Find out why certain people cannot consume dairy products and what happens when they do. Also, learn about the alternative options that lactose intolerant individuals have available.
Lactose Intolerance, also called hypolactasia, is the most prevalent food intolerance in the world (>70% people have it). This condition is caused by the deficiency and sometimes absence of an enzyme known as lactase. This enzyme is produced by intestinal cells called enterocytes in order to break down lactose into simple sugars, which can then be absorbed and used by the body to produce energy. Lactose is a disaccharide, a sugar molecule composed of two smaller sugar residues: glucose and galactose. Lactase essentially acts like a pair of scissors, cleaving the sugar lactose to produce glucose and galactose, which can then be absorbed.
Figure 1. Lactose is broken down by the action of lactase into two simple sugars: glucose and galactose.
Because lactose intolerant individuals have deficient levels of lactase, when they ingest lactose, this sugar molecule doesn’t get broken down, meaning it cannot be absorbed. The body then moves lactose to a section of the large intestine known as the colon. Most of the symptoms that lactose intolerant individuals have are due to what happens to lactose in this part of the gut. In the colon, there are groups of bacteria that ferment lactose to produce energy, but they also release short chain fatty acids such as methane. Fermentation produces gas and results in the cleavage of lactose into glucose and galactose. Unfortunately, these simple sugars cannot be absorbed in the colon and a lot of fluid gets drawn in by osmosis. Bacterial lactose fermentation results in a substantial increase in gas and fluid in the bowel which causes a number of uncomfortable symptoms: abdominal pain, flatulence, cramping, bloating, diarrhoea (caused by the osmotic effect of lactose).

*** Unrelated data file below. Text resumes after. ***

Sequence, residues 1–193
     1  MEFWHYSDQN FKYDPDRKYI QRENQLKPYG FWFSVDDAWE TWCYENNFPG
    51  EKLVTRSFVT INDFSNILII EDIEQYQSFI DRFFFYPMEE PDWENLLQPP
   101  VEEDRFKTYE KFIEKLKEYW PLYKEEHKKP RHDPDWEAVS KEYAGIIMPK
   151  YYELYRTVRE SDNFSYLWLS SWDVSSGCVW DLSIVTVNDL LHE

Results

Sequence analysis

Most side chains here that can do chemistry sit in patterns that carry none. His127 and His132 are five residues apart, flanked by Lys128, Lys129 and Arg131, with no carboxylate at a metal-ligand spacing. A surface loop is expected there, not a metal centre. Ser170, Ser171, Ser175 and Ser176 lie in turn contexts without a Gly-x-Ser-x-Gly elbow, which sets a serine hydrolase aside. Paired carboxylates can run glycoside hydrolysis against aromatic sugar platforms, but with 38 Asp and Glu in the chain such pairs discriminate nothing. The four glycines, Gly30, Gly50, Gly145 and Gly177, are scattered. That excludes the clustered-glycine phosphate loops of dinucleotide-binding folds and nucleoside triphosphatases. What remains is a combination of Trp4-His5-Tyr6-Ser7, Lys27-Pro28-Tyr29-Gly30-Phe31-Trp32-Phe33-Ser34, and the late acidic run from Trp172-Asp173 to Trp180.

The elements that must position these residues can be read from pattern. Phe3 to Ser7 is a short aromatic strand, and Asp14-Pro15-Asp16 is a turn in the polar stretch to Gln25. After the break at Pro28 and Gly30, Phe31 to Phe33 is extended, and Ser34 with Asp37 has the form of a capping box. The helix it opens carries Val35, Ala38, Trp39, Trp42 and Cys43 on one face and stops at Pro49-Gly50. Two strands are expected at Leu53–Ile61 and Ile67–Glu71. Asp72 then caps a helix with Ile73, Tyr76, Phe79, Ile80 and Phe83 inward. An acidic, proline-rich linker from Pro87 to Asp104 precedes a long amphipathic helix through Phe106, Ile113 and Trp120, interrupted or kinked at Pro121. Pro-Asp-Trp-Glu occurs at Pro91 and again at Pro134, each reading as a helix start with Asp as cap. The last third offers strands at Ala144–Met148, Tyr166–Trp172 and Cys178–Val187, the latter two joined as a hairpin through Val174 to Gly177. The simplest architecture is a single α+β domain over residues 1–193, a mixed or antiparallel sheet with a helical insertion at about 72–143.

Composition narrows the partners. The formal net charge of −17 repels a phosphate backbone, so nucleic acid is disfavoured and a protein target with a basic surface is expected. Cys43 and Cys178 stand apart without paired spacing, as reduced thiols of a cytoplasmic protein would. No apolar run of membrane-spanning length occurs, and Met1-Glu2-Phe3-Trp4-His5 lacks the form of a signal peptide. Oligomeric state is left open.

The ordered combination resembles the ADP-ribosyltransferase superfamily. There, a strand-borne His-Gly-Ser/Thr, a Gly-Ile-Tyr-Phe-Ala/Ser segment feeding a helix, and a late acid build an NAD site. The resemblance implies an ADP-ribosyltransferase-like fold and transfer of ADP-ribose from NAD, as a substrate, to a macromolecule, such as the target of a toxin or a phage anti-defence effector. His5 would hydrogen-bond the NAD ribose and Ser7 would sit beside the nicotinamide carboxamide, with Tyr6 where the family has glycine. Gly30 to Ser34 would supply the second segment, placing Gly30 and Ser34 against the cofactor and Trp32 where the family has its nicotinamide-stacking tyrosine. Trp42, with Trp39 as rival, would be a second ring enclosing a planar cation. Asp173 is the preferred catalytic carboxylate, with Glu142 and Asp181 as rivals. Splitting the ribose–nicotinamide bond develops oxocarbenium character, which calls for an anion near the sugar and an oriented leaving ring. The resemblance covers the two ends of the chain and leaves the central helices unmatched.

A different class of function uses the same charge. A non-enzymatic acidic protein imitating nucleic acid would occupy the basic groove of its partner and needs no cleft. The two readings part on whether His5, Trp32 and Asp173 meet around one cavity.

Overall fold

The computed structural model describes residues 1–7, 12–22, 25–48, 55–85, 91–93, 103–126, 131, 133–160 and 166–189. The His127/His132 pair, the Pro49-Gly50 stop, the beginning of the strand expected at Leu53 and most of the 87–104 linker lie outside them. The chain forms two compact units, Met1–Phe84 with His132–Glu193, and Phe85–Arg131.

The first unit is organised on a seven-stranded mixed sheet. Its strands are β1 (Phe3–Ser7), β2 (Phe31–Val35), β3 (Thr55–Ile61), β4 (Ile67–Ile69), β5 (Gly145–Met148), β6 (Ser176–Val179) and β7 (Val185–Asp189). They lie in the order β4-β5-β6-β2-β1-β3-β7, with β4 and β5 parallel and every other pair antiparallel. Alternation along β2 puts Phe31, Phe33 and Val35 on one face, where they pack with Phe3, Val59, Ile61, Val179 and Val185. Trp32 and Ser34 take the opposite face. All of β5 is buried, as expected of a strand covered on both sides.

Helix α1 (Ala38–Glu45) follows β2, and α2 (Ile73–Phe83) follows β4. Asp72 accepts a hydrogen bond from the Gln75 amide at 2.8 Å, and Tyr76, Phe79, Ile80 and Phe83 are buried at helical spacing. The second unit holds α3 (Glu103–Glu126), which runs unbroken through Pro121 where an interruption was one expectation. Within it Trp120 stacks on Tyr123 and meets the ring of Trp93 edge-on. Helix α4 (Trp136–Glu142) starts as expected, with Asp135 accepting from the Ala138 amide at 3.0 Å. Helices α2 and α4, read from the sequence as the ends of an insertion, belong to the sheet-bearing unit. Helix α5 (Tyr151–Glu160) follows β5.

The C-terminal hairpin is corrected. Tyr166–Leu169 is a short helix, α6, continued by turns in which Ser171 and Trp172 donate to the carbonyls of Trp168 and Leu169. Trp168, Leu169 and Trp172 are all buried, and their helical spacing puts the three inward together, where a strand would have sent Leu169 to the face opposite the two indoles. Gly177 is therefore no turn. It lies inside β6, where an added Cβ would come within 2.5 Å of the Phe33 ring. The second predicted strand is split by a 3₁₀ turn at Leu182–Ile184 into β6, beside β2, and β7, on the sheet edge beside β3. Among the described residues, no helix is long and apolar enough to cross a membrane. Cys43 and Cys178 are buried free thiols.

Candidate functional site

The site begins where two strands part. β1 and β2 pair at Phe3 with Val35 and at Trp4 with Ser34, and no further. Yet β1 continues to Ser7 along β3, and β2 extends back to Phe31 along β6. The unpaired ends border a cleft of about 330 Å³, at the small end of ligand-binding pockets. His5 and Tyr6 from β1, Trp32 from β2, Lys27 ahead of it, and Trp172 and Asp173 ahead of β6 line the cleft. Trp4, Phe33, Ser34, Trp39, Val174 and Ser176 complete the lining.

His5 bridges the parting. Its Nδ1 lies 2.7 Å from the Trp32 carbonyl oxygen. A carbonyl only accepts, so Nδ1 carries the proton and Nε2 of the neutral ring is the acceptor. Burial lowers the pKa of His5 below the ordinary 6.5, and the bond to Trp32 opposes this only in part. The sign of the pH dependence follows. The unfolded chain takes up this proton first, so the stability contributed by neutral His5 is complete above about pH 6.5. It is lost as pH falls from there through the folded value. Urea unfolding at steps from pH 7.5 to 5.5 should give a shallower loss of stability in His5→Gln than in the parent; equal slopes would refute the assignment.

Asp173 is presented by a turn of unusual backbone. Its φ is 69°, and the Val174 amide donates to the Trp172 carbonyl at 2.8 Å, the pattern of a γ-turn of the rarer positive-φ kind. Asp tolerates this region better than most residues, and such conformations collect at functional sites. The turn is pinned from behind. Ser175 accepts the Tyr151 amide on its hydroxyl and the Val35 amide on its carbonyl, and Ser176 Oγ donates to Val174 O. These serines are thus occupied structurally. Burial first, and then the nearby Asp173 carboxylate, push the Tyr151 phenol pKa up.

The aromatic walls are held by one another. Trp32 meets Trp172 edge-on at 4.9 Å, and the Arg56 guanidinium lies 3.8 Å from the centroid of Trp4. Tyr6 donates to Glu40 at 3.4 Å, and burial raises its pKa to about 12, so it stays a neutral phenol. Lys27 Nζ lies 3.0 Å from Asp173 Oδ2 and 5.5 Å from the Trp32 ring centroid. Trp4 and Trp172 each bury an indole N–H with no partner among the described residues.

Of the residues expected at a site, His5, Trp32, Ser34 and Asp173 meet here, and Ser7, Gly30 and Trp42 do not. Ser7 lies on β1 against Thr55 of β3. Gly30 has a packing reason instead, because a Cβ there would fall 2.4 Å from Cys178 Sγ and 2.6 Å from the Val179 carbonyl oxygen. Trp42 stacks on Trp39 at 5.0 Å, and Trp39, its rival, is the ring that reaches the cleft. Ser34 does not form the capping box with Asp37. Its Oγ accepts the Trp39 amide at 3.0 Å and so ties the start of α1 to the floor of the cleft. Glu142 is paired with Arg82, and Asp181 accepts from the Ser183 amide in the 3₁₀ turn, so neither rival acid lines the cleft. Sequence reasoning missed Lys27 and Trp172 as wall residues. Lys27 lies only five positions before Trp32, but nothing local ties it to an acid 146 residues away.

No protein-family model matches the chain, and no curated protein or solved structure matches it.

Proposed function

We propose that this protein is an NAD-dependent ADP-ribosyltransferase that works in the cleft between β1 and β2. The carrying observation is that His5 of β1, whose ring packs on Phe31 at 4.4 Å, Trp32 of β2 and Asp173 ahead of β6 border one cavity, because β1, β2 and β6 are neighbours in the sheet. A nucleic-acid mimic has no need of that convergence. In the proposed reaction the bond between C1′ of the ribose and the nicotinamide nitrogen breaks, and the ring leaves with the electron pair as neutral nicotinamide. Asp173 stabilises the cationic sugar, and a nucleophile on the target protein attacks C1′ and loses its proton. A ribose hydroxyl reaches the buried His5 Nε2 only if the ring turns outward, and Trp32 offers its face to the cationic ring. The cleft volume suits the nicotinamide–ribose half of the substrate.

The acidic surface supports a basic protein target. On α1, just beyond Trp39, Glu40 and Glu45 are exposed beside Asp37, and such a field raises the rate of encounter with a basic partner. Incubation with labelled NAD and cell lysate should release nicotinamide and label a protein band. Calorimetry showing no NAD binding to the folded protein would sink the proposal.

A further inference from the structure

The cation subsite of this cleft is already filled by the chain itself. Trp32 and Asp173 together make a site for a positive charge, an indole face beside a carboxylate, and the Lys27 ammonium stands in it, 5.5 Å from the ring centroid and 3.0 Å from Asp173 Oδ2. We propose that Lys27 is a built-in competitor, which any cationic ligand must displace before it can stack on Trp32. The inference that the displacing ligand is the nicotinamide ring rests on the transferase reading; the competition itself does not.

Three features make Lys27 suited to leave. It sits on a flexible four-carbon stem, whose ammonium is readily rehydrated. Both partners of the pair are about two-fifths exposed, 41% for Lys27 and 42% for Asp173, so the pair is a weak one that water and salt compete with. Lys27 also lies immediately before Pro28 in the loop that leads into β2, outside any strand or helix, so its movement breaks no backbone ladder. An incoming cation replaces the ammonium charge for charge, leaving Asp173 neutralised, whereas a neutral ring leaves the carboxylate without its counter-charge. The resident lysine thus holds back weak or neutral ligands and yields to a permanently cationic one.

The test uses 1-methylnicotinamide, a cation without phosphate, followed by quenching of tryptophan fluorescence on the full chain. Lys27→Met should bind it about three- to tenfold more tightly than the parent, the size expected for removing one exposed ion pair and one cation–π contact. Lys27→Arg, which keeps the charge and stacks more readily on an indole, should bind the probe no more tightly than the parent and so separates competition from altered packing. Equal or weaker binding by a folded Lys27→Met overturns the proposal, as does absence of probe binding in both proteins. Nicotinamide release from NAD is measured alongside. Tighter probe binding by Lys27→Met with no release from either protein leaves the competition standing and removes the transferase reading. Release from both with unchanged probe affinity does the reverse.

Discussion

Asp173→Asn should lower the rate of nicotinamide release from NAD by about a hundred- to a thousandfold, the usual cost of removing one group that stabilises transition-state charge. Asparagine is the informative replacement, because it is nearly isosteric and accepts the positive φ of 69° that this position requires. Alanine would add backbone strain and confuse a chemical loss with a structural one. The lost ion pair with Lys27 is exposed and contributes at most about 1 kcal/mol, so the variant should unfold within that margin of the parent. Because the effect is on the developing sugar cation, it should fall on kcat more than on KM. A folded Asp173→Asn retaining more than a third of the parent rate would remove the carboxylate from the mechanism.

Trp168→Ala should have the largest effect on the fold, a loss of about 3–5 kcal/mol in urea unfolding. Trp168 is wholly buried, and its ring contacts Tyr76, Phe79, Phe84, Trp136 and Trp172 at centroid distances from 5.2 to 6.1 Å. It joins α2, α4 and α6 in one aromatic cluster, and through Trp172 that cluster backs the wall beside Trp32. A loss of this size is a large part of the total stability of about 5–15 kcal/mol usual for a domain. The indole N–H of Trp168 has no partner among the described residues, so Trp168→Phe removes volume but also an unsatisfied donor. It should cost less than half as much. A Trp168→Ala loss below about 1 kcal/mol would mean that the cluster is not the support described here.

Figure 2. Lactose is absorbed in the small intestine after being decomposed into glucose and galactose by the actions of the enzyme lactase. However, in lactose intolerant individuals, lactose is not broken down and remains as a disaccharide (complex sugar), thereby it doesn’t get absorbed. Lactose passes to the colon in the large intestine, where it is a substrate (food-source) for colonic acid bacteria.
Most people with lactose intolerance don’t have to completely avoid lactose containing foods. They still produce small amounts of lactase, meaning they can usually consume a glass of milk without eliciting symptoms. Dairy products are better tolerated if they are spread throughout the day and if they are consumed in combination with other food e.g. yoghurt with cereals. What tends to be quite difficult for lactose intolerant individuals is the avoidance of lactose containing products. Things like dairy products are pretty obvious, but there are many unexpected sources of lactose: bread, many prepared foods and even medical tablets!
Since dairy products are a rich source of many minerals and vitamins, lactose intolerant individuals must look for alternative nutrient sources. Milk tends to be the richest source of calcium in our diets and it is essential for building strong and healthy bones. Other nutrients found in dairy products that must be considered are Vitamin A, B2, B5 and B12 and the mineral iodine. There are many calcium fortified beverages: soy, coconut, almond, oat, rice etc. Fortunately, people with lactose intolerance don’t have to choose alternative sources to milk anymore. Milk can now be rendered lactose-free by pretreating it with lactase or by genetic engineering. Lactose intolerance is easier to manage than ever before, though it can still be tricky to avoid lactose in some unexpected foods.
Figure 3. The best substitute for lactose intolerant individuals is simply milk that has been rendered lactose free. This way they don’t have to worry about missing any important nutrients found in dairy products. This milk has higher levels of glucose and galactose because all the lactose has been broken down into these two simple sugars.
Mattar, R., de Campos Mazo, D.F. & Carrilho, F.J. (2012). Lactose intolerance: diagnosis, genetic, and clinical factors. Clinical and Experimental Gastroenterology, 5, 113-121.
Swagerty Jr, D.L., Walling, A.D. & Klein, R.M. (2002). Lactose intolerance. American Family Physician, 65(9), 1845-50.